- Just now you mentioned something about the lens. Is there a specific lens you would choose to use with the high pixel count of these cameras?

Ishibashi I think the EF11-24mm f/4L USM would be an interesting choice. I would like to use it to take a shot that I can crop into a wide format, and create an end product that looks like a folding screen painting. It is capable of capturing images of a space without any distortion.

Nomachi In my opinion, wide-angle lenses such as the EF14mm f/2.8L II USM work well with the EOS 5DS and 5DS R. I also use the EF16-35mm f/4L IS USM, and it's good, too. For telephoto lenses, I would go for the EF70-200mm f/2.8L IS II USM.

Ishibashi I'd also recommend the EF100-400mm f/4.5-5.6L IS II USM. It's even better than the telephoto zooms that I had been using until recently.

Lenses recommended for use with the EOS 5DS and EOS 5DS R



EF11-24mm f/4L USM

Click here for more details


EF16-35mm f/4L IS USM

Click here for more details



EF70-200mm f/2.8L IS II USM

Click here for more details


EF100-400mm f4.5-5.6L IS II USM

Click here for more details


- Are there any points to take note of when using a camera with a high pixel count?

Ishibashi I would give priority to the image quality when taking landscape shots, so I would refrain from decreasing the aperture [i.e, increasing the f-number] excessively and raising the ISO speed unnecessarily. However, I want to increase the depth of field at the same time, so it is a challenging task trying to find the right balance. With a resolution as high as about 50.6 megapixels, the aperture and ISO speed settings will have a greater impact on the image quality, and this may affect the choice of subjects to some extent.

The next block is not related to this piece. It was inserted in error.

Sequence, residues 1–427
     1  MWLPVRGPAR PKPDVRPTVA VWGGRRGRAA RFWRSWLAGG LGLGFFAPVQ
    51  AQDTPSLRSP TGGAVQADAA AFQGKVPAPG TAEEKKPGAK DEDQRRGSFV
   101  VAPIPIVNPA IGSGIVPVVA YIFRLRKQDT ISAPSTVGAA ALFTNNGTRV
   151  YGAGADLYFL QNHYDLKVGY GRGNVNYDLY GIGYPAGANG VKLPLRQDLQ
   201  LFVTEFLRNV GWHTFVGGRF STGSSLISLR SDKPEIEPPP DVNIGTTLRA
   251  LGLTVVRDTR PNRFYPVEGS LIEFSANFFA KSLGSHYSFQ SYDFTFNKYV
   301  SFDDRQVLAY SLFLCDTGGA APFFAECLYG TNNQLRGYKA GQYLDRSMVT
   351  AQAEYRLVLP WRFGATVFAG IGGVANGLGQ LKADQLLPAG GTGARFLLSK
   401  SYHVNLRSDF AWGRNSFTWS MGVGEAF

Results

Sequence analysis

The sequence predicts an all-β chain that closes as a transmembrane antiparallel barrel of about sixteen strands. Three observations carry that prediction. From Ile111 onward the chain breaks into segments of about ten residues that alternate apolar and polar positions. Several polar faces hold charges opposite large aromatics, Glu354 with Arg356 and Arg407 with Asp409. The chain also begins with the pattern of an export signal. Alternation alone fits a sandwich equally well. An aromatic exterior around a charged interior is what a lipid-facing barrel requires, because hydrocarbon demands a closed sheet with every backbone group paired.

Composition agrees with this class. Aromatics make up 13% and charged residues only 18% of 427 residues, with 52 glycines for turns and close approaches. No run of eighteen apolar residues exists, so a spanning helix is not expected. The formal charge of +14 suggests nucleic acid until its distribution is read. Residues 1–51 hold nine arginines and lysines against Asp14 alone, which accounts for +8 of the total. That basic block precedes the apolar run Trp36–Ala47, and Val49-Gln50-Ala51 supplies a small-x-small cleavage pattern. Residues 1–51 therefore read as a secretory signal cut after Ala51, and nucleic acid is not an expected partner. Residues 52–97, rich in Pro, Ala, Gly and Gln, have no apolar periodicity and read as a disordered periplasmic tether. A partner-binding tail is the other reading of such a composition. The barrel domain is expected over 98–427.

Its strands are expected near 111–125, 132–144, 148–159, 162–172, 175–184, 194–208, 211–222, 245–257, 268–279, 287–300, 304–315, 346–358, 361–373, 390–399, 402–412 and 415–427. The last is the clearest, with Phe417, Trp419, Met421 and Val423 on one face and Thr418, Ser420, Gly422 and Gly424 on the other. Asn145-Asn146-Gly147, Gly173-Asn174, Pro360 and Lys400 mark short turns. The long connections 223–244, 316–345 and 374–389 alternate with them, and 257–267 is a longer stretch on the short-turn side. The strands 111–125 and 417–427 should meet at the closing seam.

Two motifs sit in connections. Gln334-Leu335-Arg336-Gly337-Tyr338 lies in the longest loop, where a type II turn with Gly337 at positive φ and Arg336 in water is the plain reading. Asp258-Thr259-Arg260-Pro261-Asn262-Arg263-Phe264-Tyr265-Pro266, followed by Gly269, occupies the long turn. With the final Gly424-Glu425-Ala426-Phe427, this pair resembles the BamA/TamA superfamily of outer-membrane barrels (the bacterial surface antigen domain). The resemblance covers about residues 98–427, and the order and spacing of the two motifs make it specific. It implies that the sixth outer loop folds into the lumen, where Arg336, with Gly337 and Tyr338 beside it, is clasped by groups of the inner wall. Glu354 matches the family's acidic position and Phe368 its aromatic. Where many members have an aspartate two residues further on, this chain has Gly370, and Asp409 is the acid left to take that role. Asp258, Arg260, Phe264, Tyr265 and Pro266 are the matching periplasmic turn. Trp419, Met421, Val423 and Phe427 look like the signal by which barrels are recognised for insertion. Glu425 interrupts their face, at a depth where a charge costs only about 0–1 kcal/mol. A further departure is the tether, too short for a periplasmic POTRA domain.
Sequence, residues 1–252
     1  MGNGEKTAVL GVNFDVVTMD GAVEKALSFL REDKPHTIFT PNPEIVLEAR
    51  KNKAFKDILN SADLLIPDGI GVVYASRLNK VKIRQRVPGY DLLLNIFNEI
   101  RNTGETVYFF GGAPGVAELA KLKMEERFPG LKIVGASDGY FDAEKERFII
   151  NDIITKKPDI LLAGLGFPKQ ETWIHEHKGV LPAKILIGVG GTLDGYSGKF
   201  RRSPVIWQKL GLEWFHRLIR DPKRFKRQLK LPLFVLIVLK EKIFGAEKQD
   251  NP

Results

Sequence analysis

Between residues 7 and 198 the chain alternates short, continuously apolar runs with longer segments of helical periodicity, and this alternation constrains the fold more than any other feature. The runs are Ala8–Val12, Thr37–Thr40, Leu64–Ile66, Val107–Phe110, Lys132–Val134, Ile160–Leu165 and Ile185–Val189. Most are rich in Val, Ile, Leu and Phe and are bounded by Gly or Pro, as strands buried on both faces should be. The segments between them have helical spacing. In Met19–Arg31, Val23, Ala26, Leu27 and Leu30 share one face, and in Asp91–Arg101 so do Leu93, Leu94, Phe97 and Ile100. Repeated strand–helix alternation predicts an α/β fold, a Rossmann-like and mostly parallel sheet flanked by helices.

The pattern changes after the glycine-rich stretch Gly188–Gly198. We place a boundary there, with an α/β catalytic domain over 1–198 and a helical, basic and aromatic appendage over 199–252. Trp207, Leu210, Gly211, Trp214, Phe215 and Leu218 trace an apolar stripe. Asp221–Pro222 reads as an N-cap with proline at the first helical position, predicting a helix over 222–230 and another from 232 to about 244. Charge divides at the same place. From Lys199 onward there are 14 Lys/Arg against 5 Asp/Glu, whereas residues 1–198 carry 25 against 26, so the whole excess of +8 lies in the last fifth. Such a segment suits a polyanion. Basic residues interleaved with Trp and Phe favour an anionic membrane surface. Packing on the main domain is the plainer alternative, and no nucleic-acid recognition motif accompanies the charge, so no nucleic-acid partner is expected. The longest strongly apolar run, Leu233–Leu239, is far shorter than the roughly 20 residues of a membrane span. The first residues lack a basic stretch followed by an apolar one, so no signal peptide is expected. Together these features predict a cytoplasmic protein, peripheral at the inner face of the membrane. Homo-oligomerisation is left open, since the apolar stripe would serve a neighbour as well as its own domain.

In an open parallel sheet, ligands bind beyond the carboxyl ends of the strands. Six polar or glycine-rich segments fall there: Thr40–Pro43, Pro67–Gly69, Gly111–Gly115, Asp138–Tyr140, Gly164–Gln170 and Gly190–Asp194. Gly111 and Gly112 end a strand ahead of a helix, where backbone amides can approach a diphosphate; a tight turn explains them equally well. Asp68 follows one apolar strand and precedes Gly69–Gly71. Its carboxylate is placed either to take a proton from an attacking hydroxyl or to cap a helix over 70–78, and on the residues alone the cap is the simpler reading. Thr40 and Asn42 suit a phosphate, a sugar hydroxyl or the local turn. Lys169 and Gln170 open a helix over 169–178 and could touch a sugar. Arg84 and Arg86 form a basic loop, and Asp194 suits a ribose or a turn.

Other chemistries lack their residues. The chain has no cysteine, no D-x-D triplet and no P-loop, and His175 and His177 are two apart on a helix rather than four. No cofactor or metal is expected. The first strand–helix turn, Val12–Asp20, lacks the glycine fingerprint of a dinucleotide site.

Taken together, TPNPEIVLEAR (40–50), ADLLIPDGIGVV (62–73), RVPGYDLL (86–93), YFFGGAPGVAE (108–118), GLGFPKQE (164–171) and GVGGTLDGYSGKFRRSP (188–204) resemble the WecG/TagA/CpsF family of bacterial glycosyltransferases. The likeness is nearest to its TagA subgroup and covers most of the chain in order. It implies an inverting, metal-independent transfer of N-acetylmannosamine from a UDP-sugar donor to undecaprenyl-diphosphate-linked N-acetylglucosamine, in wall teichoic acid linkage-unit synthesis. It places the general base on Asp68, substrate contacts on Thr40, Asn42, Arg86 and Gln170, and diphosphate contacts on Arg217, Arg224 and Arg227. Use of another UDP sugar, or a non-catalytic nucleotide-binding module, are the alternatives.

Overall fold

Nomachi Judging from the test shots by the EOS 5DS and EOS 5DS R, the image quality is good from about f/8 to f/11. However, I don't really worry too much about stopping down the aperture, as long as the resulting shots are not out of focus. Besides, the Digital Lens Optimizer feature is also available these days. While I understand the desire to bring out the apparent resolution of the 50.6 megapixels, there is no need to get too fixated on this particular point.

Using the Digital Lens Optimizer feature in the "Digital Photo Professional" software that is supplied with the camera, diffraction that occurs when the aperture is stopped down can be corrected to restore the image to its undistorted form.


Ishibashi Yes, we often find ourselves paying too much attention to the camera's specs when we try to achieve detailed expression in landscape shots.

Nomachi For long-exposure shots, I thought the result was fine up to a shutter speed of about 4 seconds and an ISO speed of 400. Of course, at ISO speeds of 100 and 200, you'll probably find yourself using a tripod more often. Even so, you can even take handheld shots with the cameras if you are not too concerned about bringing out the resolution of 50.6 megapixels.

Ishibashi On the EOS 5D Mark II, with its normal ISO speed range of up to 25600, we were able to capture images of night views that were not possible in the film camera era. In contrast, the EOS 5DS and EOS 5DS R offer slightly less flexibility in nightscape photography as their maximum normal ISO is 6400.

* This article is created based on a trial model. Aspects such as the appearance and image quality may differ slightly from the actual product.

Kazuyoshi Nomachi


Born in Kochi in 1946. Nomachi began studying under photographer Takashi Kijima in 1968, and embarked on coverage of Nile, Ethiopia and other arid regions of Africa after his trip to the Sahara desert in 1972. The current locations of his shoot are Andes and India. Awarded the Medal with Purple Ribbon in 2009.

Mutsumi Ishibashi


Born in Chiba in 1947, Ishibashi travelled around the country since his late teens to explore the nature of Japan. Since 1975, he narrowed down his theme to the nature of the Tohoku region. His lifetime work centres on expressing the unique natural beauty of Japan created by the humid climate. Author of many forest-themed publications.

Digital Camera Magazine


A monthly magazine that believes that enjoyment of photography will increase the more one learns about camera functions. It delivers news on the latest cameras and features and regularly introduces various photography techniques.
Published by Impress Corporation